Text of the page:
Purple carrots has a sweet flavour and are delicious raw or cooked. They have a firm, crisp texture that is not too woody or fibrous.
Purple carrots carry the same nutrients as their more common orange variant, but they also contain higher levels of beta-carotene than the yellow, orange and white variants.
Uses: Carrots can be used in a myriad of ways. From salads to roasts to juices you can add these orange veggies to almost anything! Purple carrots can be cooked or eaten raw, but they use their gorgeous colour when boiled so to keep that splash of colour on your dinner table they are better fresh and raw. All carrots pair well with other root vegetables such as turnips, beets and radishes.
Fact: Did you know that before the 17th century, almost all cultivated carrots were deep purple, almost black, in colour?
Meet the sweeter sister of the carrot, Dutch Carrots are brilliant gently roasted in the oven or used as a beautiful addition to liven up a meal.
Basil is usually is known for its aromatic flavour and strong sweet smell. A culinary herb is mainly used in Italian dishes. The major ingredient in pesto sauce it is commonly used fresh in cooked recipes.
It is best to add it to a dish at the last moment as heat quickly destroys the flavour. Keep it fresh by storing it in plastic bags in the refrigerator, or freeze it!
Uses: It can be added to a multitude of Italian dishes such as pasta and sauces, but it can also be added to soups, chocolates, ice cream and of course dips and dressings such as pesto.
The sugar snap peas, snow peas can be eaten whole with both pod and peas.
The walls of the pod on snow peas are thicker than those of the snow peas and perfect for those who enjoy a thick, crunchy flavour.
The sugar snap peas are often served in salads or even eaten on their own whole as a snack. But they can also be used in cooking, through stir-frying or steaming, though overcooking may make the pod fall apart.
Thyme is great with poultry and meat. Easy to dry it’s mild flavour keeps well when dried, though it is stronger fresh. The wooden stems are usually not used in cooking.
The cultivation of Pak Choy in south China date as far back as the 5th century. It has since spread throughout China and to other parts of Asia and the western hemisphere.
This leafy vegetable packs a hefty amount of dietary fibre to aid in digestion. Vitamin C and K bolsters immune system and strengthens the bones.
Pak Choy is a leafy green that is often stir-fried or steamed. Both leaves and stems can be cooked and consumed. As part of the mustard family, it falls into the same category as mustard, broccoli, turnips and cabbage even though it is lettuce-like in appearance.
Tip: Cook the stems first then add the leaves as they cook quicker. Stir fry with some soy sauce, herbs and garlic for flavour.
The superfood salad mix contains small young salad greens. The mix may vary but usually it will contains greens such as endive, rocket, chervil and red oak lettuce. It is an easy choice when making a quick salad that adds colour and variety in your greens and at the same time packs a great nutritional punch!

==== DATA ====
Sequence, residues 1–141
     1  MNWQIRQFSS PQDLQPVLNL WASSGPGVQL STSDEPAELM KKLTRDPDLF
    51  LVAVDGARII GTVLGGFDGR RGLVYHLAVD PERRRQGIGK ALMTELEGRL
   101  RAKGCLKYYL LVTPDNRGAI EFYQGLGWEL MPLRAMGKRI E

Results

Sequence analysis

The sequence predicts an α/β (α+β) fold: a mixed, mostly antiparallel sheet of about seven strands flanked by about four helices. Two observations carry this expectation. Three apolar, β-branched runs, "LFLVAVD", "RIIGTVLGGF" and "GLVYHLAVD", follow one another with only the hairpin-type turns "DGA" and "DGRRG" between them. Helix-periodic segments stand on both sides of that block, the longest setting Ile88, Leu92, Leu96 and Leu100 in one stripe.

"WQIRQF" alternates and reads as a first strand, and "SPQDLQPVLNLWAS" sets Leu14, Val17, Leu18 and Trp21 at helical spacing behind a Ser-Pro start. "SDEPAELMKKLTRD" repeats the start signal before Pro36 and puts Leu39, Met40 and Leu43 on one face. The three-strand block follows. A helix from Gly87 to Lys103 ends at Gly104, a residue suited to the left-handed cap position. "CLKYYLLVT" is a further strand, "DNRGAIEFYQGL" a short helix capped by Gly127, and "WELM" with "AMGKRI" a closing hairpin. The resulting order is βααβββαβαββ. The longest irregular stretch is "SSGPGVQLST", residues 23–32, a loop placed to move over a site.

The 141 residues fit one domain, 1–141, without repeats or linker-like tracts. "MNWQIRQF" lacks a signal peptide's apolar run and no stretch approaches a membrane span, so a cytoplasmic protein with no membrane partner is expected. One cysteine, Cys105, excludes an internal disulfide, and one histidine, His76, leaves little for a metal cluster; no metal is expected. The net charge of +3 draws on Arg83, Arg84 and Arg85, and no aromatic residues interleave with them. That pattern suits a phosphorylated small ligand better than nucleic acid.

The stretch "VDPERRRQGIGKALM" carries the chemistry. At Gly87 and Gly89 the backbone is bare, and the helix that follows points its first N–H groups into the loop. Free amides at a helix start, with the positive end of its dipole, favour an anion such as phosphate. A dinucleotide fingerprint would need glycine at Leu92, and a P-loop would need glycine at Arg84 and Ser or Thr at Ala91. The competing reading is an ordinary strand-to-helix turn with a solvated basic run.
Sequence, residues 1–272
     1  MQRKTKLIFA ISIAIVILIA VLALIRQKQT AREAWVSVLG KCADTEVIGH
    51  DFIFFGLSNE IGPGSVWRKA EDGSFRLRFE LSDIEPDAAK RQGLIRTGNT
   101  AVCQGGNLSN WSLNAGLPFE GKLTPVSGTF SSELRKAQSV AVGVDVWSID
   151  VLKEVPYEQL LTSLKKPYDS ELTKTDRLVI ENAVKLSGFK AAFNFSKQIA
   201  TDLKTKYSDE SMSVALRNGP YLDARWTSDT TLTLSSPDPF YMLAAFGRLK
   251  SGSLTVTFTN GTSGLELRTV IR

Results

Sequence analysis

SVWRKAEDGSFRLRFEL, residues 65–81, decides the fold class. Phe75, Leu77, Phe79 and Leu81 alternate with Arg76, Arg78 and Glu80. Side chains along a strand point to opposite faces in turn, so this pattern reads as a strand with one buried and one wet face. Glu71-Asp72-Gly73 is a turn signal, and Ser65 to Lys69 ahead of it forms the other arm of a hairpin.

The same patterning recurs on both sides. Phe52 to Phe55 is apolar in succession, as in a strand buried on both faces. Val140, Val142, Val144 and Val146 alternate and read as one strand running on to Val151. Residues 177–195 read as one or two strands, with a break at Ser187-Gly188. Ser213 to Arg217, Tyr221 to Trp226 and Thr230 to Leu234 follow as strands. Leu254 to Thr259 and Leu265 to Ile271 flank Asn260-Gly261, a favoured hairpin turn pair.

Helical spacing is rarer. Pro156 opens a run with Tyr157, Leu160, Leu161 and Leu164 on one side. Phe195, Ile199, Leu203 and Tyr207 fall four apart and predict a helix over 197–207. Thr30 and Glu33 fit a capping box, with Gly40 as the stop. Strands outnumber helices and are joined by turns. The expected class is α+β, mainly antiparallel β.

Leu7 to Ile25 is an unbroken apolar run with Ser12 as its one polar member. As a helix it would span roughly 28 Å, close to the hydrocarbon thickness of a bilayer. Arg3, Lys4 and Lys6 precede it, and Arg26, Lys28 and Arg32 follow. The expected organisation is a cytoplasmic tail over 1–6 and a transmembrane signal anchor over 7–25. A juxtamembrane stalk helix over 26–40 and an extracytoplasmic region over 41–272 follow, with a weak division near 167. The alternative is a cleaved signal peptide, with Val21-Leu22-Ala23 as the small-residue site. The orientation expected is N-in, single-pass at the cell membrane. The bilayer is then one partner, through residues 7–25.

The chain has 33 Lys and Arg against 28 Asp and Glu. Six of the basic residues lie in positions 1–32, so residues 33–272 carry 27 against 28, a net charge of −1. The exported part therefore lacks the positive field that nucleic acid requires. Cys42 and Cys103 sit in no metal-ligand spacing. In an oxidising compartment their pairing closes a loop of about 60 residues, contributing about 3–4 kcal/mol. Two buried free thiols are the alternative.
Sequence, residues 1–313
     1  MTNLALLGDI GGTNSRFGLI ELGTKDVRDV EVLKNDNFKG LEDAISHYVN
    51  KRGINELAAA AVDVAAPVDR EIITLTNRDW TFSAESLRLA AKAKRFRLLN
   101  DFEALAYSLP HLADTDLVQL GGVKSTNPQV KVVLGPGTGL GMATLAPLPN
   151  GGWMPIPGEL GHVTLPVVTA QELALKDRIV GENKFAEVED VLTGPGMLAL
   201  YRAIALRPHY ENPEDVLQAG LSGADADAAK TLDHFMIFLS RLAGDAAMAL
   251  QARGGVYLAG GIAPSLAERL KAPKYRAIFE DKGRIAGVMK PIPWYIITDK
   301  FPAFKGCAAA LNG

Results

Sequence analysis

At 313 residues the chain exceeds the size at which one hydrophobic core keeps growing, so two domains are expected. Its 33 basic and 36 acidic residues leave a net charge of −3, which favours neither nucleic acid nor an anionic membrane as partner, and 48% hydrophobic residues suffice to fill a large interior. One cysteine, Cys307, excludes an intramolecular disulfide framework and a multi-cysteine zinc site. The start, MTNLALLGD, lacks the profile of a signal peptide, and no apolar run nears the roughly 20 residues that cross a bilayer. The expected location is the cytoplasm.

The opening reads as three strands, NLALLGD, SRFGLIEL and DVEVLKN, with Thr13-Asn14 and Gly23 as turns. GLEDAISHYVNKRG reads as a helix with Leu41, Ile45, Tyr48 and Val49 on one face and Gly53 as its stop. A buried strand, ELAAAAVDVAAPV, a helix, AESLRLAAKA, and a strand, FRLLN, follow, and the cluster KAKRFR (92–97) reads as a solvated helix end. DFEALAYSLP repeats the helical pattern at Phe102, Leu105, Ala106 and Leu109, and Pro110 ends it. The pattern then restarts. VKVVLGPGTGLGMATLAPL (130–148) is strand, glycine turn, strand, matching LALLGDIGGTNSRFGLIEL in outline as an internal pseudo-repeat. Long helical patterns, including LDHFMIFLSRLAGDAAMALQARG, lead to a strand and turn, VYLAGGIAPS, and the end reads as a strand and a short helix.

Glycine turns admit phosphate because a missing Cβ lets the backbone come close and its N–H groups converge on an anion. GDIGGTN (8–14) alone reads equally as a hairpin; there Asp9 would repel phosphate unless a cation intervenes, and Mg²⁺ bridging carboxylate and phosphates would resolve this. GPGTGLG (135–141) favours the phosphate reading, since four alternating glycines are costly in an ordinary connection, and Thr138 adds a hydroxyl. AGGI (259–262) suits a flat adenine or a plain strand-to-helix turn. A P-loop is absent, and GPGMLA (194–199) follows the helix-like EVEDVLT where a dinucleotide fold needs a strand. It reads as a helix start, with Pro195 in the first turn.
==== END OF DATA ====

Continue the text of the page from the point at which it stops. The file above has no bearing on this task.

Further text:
Capsicum (commonly known as bell peppers) comes in several different shapes and colours and is often used in cooking all around the world as well as in spices. It is related to its spicier variety the chilli pepper, but is milder and larger than the spicier varieties.
Bell peppers can be used in a variety of ways! Juice it, stir-fry it, sauté it, toss it in a salad… Only your imagination stops you when it comes to this versatile veggie!
Choy Sum is one of the most popular vegetables among the Chinese and is probably the most popular vegetable in Hong Kong. As a matter of fact, it is now also widely used in the western world.
Choy Sum is rich in carotene (pro-vitamin A), calcium and dietary fiber. It also provides potassium and folic acid.
The flowering shoots and younger leaves of Choy Sum are used in salads or stir-fried, lightly boiled or steamed and added to meat.
Often used in Mediterranean cooking this colourful leafy veggie is full of nutritious goodness. The colourful leaves are full of vitamins and minerals and the veggie is considered one of the healthiest vegetables available.
There are many ways to prepare the veggie. You can prepare the leaves like you would spinach and the stalks in a similar manner to asparagus. However the leaves do need to be cooked a little longer than spinach leaves would be. Young leaves can also be used in salads. Cook and serve both parts of the veggie together or prepare them separately like two different veggies.
Use: You can serve chard steamed, braised or sautéed. It can also be used in many stews, soups, stir-fries and casseroles.
Also known as Cavolo Nero/ , Dino kale is darker than its Scottish variety. Its dark green leaves are bursting with nutrition and have an earthy, nutty flavour.
Uses: Dino kale is well suited to braising, blanching or sauteing. It can also be used in juices.
Artichokes were originally found in the Mediterranean and there were early records of its use during the ancient Greek and Roman times. Globe artichoke is considered to be the “true artichoke”. Both the end of the leaves, the base (or heart) are edible. A great starter for a few or a delicious, light meal for one.
Health benefits of the artichoke include boosting the body’s immune system, prevention of cancer and lowering of cholesterol.
Uses: often used in Italian dishes, sauces, and dips. You can boil, steam, grill, barbecue or bake it. Cook it in a pan of boiled salted water, you should be able to pull out a leaf easily when it is done. The heart of the artichoke is great for salads.
Tip: Iron, copper and aluminium cookware can cause discolouration during the cooking. It is better to use stainless steel, glass, or enamel during the preparation of the artichoke.